Eric Newman: I must’ve been in my early teens, but it was when I saw his well-known portrait of the painter Willem de Kooning. The picture shows de Kooning peeking through a slit in a drop cloth. You can only see a part of his face in the photograph. So, I asked my father, how is this a portrait where you can’t really see the person? He explained to me that despite the way his face was positioned, the portrait is showing the essence of de Kooning and his work. He explained the intentions behind the portrait. So that is one point at which I learned a lot about what his photographs were like and why they were important.

Arnold Newman working at a magazine photo shoot

Arnold Newman. [Arnold Newman working on “What Do U.S. Museums Buy?”], 1950. Gelatin silver print, Overall: 25.4 × 20.3 cm. Art Gallery of Ontario. Anonymous Gift, 2012. © Arnold Newman Properties/Getty Images (2023). 2015/693.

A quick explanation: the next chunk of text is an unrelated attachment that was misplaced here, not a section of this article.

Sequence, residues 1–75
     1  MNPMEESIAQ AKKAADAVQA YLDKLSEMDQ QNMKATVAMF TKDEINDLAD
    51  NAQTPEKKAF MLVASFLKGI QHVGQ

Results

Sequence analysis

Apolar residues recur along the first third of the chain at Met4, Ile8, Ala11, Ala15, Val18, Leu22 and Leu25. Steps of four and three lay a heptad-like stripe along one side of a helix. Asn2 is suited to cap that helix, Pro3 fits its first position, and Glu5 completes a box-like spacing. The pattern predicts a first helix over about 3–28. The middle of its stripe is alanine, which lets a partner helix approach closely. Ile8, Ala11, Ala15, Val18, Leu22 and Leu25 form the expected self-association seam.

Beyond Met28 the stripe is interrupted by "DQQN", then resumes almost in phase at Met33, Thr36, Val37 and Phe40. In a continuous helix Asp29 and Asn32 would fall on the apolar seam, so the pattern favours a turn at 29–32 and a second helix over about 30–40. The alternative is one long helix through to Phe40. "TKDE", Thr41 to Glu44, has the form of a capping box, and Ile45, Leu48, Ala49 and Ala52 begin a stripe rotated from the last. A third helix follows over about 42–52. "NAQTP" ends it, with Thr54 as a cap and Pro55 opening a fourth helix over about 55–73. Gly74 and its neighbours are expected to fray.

Foyer: Did Newman share any advice with you about work ethic? Did his art practice somehow influence the way you work, even as a scientist? 

Eric Newman: Very definitely. He had a very, very strong work ethic. And I think that I do, too. I learned a lot about how to work from him. There’s one small habit that always reminds me of him. He had a small part of his studio where he stored tools which he used to build sets for advertising photographs. And whenever I used these tools or his darkroom, he insisted that I had to clean up right away. It was very important to completely clean up after your work. That made a big impression on me, and I feel the same way about that myself. I always tell my students to do that as well. But in general, I really look up to him and try to model how I work and my attitude towards work from him.

Foyer: What was your experience at the AGO exhibition?